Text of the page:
He subsequently was given the chance to start an away CONCACAF World Cup qualifier in Honduras, no easy assignment, and it wasn’t one Sands seemed to flunk. He’d shown promise and contributed to winning, a brief track record of success that makes his recent absences more puzzling — especially when you consider what has since transpired in the player’s club career. 

That started with NYCFC’s late-season surge to capture the 2021 MLS Cup, a run that had Sands at the center of things, showing off his defensive solidity while also highlighting his positional flexibility. Sands saw time in central defense, as a defensive midfielder, and even at right back/elbow back, ultimately Bing-Bonging his way to NYCFC’s first trophy. Sands then departed to go to Rangers on loan — a move that you’d think would be a statement of intent to a national team manager. Here was a young player willing to jump to a challenging new club and test himself at the highest level of European competitions. 

It ultimately may all boil down to the fact that Sands’s play hit a rough patch at the worst possible time. It is extremely hard to make a compelling case for a player who was just on the receiving end of three straight lopsided losses, so omitting Sands from this September U.S. roster did not come as a huge surprise. 

Yet with all the questions swirling around the American defense, it feels like an oversight to not give Sands another opportunity. He’s testing himself (thus far, with mixed results) at the upper echelons of European football, has already been bloodied with the senior national team in important competitive matches, and would bring something unique to the roster by way of his positional flexibility. Add Sands to the list of players handled in a head-scratching manner by Berhalter, and here’s hoping whoever oversees the national team in the lead-up to the 2026 World Cup gives The Guy from Rye another shot.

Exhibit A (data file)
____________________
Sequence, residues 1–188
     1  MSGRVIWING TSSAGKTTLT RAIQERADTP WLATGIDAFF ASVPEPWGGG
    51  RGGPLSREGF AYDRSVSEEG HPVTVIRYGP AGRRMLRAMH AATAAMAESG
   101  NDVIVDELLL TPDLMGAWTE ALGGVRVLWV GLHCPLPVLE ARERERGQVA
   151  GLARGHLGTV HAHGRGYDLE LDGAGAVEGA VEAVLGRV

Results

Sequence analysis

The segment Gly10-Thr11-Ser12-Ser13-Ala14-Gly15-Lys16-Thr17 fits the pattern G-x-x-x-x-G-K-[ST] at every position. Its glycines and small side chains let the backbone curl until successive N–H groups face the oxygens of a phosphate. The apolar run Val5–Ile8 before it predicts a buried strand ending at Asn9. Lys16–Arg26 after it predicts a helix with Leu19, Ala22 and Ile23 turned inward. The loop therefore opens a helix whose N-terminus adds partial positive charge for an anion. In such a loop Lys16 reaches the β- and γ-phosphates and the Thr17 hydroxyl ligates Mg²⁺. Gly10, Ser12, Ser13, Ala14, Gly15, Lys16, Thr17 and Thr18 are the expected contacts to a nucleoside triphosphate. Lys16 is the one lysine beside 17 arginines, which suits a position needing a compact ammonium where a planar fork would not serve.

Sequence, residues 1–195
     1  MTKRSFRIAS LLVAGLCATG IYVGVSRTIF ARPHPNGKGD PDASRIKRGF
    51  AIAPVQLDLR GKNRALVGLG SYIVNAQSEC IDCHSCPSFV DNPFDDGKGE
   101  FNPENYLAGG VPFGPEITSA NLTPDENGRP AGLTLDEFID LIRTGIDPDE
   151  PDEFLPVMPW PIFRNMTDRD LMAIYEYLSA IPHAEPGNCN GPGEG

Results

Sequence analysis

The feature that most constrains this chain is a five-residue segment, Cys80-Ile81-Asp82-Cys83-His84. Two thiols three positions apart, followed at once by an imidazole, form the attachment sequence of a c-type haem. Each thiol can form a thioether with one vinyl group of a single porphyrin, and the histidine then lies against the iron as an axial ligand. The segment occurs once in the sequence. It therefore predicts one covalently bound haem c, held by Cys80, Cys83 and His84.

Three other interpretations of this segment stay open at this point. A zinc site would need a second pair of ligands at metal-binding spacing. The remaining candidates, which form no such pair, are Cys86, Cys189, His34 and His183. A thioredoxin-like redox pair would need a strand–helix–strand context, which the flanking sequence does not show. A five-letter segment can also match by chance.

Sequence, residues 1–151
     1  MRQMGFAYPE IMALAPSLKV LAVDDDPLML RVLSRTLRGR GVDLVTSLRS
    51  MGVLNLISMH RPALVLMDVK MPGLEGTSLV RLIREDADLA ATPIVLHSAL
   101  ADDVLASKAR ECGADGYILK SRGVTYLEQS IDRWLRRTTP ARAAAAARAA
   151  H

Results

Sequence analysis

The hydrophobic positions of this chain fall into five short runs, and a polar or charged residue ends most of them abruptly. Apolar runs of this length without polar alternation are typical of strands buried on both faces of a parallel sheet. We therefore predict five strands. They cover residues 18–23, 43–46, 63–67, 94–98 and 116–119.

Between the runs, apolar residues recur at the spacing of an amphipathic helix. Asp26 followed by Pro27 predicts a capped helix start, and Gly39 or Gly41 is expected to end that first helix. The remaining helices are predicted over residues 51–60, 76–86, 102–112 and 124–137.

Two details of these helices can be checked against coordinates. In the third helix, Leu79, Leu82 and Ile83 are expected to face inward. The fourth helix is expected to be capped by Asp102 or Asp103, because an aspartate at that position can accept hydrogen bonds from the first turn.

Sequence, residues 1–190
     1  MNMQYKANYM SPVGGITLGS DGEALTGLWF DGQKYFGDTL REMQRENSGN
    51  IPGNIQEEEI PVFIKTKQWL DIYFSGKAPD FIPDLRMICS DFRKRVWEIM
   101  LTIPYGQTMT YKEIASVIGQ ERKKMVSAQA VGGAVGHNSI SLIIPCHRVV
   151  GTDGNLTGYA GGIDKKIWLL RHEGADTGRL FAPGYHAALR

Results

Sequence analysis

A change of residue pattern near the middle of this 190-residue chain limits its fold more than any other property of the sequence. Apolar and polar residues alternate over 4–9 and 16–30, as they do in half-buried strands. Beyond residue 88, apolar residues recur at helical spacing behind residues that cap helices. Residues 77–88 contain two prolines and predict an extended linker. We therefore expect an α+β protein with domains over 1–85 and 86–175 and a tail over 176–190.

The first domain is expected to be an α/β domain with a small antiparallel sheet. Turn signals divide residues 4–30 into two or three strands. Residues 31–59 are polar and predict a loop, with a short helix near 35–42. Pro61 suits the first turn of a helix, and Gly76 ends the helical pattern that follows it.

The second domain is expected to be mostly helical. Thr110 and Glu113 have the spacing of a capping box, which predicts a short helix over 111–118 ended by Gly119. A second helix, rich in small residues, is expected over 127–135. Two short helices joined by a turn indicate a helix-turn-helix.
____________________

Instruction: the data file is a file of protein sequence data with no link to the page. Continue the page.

Sands made a number of appearances as a substitute following his move to Glasgow, including subbing into the Europa League final against Eintracht Frankfurt. He clearly did enough to impress manager (and rumored onetime NYCFC managerial target) Giovanni van Bronckhorst, who chose to make Sands a regular starter for the 2022-2023 Rangers campaign. 

Somehow, none of this was enough to convince Berhalter that Sands warranted another opportunity with the national team. It’s extra confusing when you consider that Sands possesses many of the qualities that would theoretically be favored by a national team manager. 

Positional flexibility would seem extremely valuable when deciding who to put on your bench in a knockout tournament, where the matches come in rapid succession and injuries and suspensions are always possible. Sands also has long held a reputation as a solid distributor from the back who is willing to attempt progressive passes and is generally calm and comfortable with the ball at his feet. I’m not sure the same could be said about Aaron Long.